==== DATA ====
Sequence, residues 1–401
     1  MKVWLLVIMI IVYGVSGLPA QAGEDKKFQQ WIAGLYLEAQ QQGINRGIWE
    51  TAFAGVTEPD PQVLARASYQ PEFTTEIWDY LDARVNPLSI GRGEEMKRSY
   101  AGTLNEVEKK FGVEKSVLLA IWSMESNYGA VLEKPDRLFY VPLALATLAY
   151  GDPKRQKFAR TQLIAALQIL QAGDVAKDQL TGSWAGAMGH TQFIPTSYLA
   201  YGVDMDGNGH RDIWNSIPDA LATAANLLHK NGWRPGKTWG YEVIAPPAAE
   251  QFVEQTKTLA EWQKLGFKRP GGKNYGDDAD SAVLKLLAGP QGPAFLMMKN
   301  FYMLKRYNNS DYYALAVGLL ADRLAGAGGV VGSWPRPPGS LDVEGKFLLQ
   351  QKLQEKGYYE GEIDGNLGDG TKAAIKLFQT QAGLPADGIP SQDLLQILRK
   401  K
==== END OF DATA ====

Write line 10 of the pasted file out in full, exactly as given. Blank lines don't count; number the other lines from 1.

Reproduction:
   401  K